The People Theme


Download pdf

Download Issue #51

This report presents the findings from the first stage of MMM’s People Theme research. It discusses the context and rationale for the research, its implications and potential practical applications by individuals and organisations in personal, professional and organisational development, and in designing and implementing policy interventions.

MMM is actively seeking feedback from those working both within and without the arts and cultural sector on the report findings and their implications for individuals, organisations, the sector, and others outside the sector. They can be contacted at

The focus is the cultural sector but the canvas is universal-the challenges facing humankind in the twenty first century. The mission is ambitious: ‘As primary reflectors and generators of the values that make up our society, the arts and cultural sector are in an exceptional position to offer leadership. The People Theme provide(s) a solid foundation from which the sector can transform itself and influence those around it’

Chapter one describes the context and its impact on the workforce: the need to embrace complexity and the unknown as we face into the deepest recession since the 1930’s, major cuts to public funding for the arts and radical changes in government policy as well as evolving technology offering ‘a bewildering array of possibilities for creating, experiencing and sharing arts and culture that were unimaginable 20 years ago’. Success defined solely in terms of economic growth is lessening its grip as a dominant worldview, with interest growing in also taking account of human wellbeing and impact on natural resources.

For the workforce, the challenges inherent in the present context include uncertainties about funding, managing organisational change, dealing with shifting policy agendas, dealing with complexity-myriads of non linear connections and positive feedback loops-virtuous or vicious circles and no ‘best practice’ because ‘the space of possibilities is too vast’.

Chapter two introduces the framework of 78 characteristics, qualities and attributes (CQA’s), developed from a review of literature in this area and tested in interviews and an online survey with the aim of describing the ways of being and doing that will help workers manage a high tolerance for the conditions of 21st century life.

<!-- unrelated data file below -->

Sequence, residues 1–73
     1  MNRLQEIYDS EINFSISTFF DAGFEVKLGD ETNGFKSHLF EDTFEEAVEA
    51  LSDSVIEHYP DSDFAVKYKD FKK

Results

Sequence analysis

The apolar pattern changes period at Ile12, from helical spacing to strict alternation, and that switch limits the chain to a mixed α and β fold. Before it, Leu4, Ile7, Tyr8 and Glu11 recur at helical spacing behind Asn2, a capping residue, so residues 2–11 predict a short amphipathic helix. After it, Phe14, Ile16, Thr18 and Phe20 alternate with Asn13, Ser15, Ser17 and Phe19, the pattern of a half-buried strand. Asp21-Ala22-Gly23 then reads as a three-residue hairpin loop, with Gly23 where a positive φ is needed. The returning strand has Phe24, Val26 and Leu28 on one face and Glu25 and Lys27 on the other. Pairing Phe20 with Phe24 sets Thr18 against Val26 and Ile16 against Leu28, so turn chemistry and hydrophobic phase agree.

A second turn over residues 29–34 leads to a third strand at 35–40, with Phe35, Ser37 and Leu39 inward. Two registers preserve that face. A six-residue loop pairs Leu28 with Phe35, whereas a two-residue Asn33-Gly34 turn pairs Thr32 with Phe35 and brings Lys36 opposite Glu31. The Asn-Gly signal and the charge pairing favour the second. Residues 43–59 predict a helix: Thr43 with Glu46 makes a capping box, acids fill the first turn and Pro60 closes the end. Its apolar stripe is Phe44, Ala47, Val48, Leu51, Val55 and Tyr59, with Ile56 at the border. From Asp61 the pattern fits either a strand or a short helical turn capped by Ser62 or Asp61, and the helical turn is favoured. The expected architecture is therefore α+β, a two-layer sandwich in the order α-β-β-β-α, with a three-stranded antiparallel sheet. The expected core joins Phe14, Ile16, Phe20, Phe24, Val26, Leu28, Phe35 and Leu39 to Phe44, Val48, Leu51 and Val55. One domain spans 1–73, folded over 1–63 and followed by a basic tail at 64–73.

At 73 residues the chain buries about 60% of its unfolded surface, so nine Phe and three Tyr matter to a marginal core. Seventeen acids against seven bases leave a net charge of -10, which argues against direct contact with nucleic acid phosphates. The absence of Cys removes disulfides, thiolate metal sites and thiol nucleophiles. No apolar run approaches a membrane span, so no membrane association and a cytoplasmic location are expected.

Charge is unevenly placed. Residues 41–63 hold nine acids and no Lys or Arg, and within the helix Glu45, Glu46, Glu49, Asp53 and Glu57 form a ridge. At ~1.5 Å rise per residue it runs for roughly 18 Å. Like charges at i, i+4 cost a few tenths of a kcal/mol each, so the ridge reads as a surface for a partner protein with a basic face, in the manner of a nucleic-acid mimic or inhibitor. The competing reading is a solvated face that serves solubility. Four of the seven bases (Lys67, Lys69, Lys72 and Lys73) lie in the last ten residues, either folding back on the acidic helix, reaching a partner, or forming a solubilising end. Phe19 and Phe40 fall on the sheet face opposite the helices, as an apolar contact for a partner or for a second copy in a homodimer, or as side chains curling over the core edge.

The chapter goes on to summarise the research methodology and findings: the relative and distinctive strengths of the sector’s workforce in some CQA’s and its’ relative weaknesses in others. It addresses how people can use the findings and makes recommendations for personal, professional and organisation development and for policy and strategy.

Chapters three, four and five expand and reveal the research hypotheses, processes and findings.

The report is grounded in a value based definition of thriving defined as: ‘adapting to changing conditions in a life-friendly way to people and planet in order to maintain the function of making great work happen.’ The key concepts are relevance, resilience, and ethical practice and how we can build a future in which we can all thrive rather than a future in which we thrive through gaining competitive advantage over others. Co-opertition is how we can simultaneously compete and cooperate at work: ‘Business is cooperation when it comes to creating a pie and competition when it comes to dividing it up. The best way to succeed is to let others do well, including your competitors’.

Available from and here

Other related reports:

The Artist as Leader

Exceeding Expectations: The Work Foundation

and from the Cultural Leadership programme:

Black, Asian and Minority Ethnic Leadership

Heritage, Legacy and Leadership

Women in Leadership